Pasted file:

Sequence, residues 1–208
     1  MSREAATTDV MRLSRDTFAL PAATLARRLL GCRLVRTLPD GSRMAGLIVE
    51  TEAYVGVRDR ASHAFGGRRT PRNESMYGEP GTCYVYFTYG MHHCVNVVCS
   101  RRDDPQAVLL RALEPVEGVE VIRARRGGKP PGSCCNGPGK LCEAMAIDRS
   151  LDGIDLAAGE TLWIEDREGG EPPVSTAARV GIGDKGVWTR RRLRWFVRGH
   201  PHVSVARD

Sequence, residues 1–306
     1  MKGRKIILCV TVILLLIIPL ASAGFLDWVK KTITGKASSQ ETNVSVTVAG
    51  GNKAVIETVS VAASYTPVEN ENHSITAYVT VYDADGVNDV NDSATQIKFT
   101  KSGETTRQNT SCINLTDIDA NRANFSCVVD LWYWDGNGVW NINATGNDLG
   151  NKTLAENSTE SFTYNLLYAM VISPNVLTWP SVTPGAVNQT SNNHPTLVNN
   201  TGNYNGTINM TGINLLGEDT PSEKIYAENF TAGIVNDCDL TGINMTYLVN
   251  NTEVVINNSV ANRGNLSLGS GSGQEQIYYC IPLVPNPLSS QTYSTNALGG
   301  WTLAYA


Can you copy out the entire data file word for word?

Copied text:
Sequence, residues 1–208
     1  MSREAATTDV MRLSRDTFAL PAATLARRLL GCRLVRTLPD GSRMAGLIVE
    51  TEAYVGVRDR ASHAFGGRRT PRNESMYGEP GTCYVYFTYG MHHCVNVVCS
   101  RRDDPQAVLL RALEPVEGVE VIRARRGGKP PGSCCNGPGK LCEAMAIDRS
   151  LDGIDLAAGE TLWIEDREGG EPPVSTAARV GIGDKGVWTR RRLRWFVRGH
   201  PHVSVARD

Sequence, residues 1–306
     1  MKGRKIILCV TVILLLIIPL ASAGFLDWVK KTITGKASSQ ETNVSVTVAG
    51  GNKAVIETVS VAASYTPVEN ENHSITAYVT VYDADGVNDV NDSATQIKFT
   101  KSGETTRQNT SCINLTDIDA NRANFSCVVD LWYWDGNGVW NINATGNDLG
   151  NKTLAENSTE SFTYNLLYAM VISPNVLTWP SVTPGAVNQT SNNHPTLVNN
   201  TGNYNGTINM TGINLLGEDT PSEKIYAENF TAGIVNDCDL TGINMTYLVN
   251  NTEVVINNSV ANRGNLSLGS GSGQEQIYYC IPLVPNPLSS QTYSTNALGG
   301  WTLAYA